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A miter saw or mitre saw is a saw used to make accurate crosscuts and miters in a workpiece by positioning a mounted blade onto a board. A miter saw in its earliest form was composed of a back saw in a miter box, but in modern implementation consists of a powered circular saw that can be positioned at a variety of angles and lowered onto a board positioned against a backstop called the fence.
Powered miter saws also cut bevels into a work piece by adjusting the vertical tilt axis of upper portion of the machine while the table lays flat horizontally. A miter saw for which the axis can be tilted in a single direction is known as a single compound miter saw. If the axis can tilt both left and right, it is known as a double bevel compound miter saw. Some are equipped with a sliding rail system or have a pivot arm to cut wider work pieces when laid flat on the table of the saw and flush against the fence. This is known as a sliding compound miter saw.
Miter saws are primarily used for cutting wood trim and molding, but also can be used to cut metal, masonry, and plastics, provided the appropriate type of blade is used for the material being cut.
Miter saws come in a variety of sizes. The most common sizes are 180, 250 and 300 mm (7+1⁄4, 10 and 12 in) size blades, each of which has its own cutting capacity.
Both corded and cordless versions of the saw are available from several different manufacturers.
A common misnomer that is sometimes used to refer to a miter saw is the chop saw. Although somewhat similar in their cutting action, they are two entirely different types of saw. A chop saw is specifically meant to cut metal and is typically operated while laid flat on the ground with the blade fixed at 90° vertical. A chop saw cannot make a miter cut unless manipulated by the operator as opposed to the function of the machine itself.
Power miter sawEdit
A power miter saw, also known as a drop saw, is a power tool used to make a quick, accurate crosscut in a workpiece at a selected angle. It is commonly used for cutting of molding and trim. Most miter saws are relatively small and portable, with common blade sizes ranging from 200 to 300 mm (8 to 12 in).
The power miter saw was invented by Ed Niehaus, the Chief Engineer in the Power Tool Division for Rockwell International, in 1964. The miter saw showcased several innovations still found today: radial arc spring action, blade braking and dust collection. Rockwell did not patent the design, leading to a large number of manufacturers and innovation improvements.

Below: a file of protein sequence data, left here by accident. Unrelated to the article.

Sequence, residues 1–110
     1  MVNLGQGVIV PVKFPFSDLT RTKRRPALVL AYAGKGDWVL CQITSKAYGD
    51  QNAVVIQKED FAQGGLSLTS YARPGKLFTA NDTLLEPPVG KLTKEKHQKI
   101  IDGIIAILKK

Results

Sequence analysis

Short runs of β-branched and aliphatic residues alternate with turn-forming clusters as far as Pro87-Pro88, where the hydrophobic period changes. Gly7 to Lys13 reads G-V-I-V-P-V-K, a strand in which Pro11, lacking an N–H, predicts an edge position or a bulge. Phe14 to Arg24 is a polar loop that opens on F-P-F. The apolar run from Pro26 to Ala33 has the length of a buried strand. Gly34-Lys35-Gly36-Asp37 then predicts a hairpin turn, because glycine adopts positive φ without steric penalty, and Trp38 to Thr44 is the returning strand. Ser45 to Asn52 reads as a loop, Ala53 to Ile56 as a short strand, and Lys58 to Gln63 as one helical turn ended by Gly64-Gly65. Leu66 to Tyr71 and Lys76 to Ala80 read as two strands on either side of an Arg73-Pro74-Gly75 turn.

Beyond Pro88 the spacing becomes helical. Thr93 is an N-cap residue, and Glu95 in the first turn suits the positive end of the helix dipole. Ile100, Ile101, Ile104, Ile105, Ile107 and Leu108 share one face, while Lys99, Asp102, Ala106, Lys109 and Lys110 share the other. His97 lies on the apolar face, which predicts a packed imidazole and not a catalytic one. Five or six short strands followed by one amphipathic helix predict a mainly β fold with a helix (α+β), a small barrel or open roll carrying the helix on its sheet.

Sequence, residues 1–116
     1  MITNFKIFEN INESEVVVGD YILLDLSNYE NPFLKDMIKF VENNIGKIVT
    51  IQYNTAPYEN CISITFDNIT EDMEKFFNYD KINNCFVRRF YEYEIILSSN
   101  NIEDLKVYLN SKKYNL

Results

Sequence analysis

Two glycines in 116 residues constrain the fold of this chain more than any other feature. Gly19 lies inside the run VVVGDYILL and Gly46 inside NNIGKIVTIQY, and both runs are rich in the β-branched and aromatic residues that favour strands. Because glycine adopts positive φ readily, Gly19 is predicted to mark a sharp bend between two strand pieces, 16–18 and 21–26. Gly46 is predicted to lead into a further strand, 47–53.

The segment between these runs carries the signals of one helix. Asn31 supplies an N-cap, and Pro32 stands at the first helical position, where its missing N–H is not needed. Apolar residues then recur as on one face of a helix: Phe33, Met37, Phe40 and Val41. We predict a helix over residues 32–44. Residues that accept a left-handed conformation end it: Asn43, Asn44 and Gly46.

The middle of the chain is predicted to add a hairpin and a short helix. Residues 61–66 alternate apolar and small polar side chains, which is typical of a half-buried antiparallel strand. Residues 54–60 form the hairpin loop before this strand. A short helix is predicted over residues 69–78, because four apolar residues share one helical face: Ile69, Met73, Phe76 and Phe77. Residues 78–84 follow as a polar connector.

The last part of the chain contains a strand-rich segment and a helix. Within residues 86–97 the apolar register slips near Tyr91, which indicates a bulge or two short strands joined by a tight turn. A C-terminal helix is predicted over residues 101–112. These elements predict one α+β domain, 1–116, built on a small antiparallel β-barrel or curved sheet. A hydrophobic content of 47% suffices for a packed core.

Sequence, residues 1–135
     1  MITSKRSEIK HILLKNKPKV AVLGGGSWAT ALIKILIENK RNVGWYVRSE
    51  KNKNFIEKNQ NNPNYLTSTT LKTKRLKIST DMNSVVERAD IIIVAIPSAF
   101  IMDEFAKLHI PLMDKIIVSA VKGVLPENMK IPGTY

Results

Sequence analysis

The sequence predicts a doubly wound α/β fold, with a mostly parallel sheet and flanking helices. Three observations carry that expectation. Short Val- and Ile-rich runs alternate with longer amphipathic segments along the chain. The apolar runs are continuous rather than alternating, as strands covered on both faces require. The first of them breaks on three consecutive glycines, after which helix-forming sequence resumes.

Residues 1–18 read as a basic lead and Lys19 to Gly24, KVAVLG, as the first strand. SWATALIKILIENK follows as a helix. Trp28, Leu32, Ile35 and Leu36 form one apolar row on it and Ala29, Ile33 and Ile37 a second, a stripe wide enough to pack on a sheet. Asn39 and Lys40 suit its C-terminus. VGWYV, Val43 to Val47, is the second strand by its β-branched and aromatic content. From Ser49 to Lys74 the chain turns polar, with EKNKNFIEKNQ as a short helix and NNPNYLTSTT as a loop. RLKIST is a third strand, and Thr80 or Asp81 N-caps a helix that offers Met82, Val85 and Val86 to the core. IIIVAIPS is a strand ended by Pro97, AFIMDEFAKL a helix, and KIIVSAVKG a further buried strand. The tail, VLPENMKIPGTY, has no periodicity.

The power miter saw makes cuts by pulling a spinning circular saw blade down onto a workpiece in a short, controlled motion. The workpiece is typically held against a fence, which provides a precise cutting angle between the plane of the blade and the plane of the longest workpiece edge. In standard position, this angle is fixed at 90°.
A primary distinguishing feature of the miter saw is the miter index that allows the angle of the blade to be changed relative to the fence. While most miter saws enable precise one-degree incremental changes to the miter index, many also provide "stops" that allow the miter index to be quickly set to common angles (such as 15°, 22.5°, 30°, and 45°).
There are several types of miter saws:
- Original miter box and saw - The first miter saws usually consisted of a wooden or plastic three-sided box with 90° and 45° slits to guide a hand or back saw to make miter cuts in a piece of work.
- Power/Standard miter saw - A powered version designed generally for making straight cross cuts on a piece of work at a wide range of angles (unlike an abrasive saw which can only cut 90 degrees to the board). They are commonly used to create 45° degree straight cuts for framing.
- Compound-miter saw - Compound miter saws have the added benefit of being able to tilt the blade and head at a variety of angles to the workpiece. This makes bevel cuts possible. A bevel cut is a ramp angled cut into the side of the wood. This type is commonly used in trim work for homes. A compound cut is a combination of a miter and bevel cut.
- Dual compound-miter saw - Dual or double compound saws allow the head to rotate when angled on both the left and right hand sides. This means all angles are achievable without repositioning the workpiece.
- Sliding compound-miter saw - Sliding miter saws are able to move the saw head back and forth on a sliding rail, similar to a radial arm saw. This increases the size capacity of which a board can be cut. This type of saw can also allow for the locking of the rails to use for straight, pull down cuts (like chop saws). With the sliding feature engaged, the user pulls the head forward, turns on the saw and pushes the blade backwards into the lumber.
- Laser/LED miter-saws - Some saws have a laser guide for more precise cutting. The laser is made up of a disc-shaped washer that attaches to the saw blade and illuminates a line where the blade will cut. Some saws also have an LED feature to better illuminate the work area.
Miter saws are dedicated cross cut saws; long rip cuts (in line with the grain) are not possible.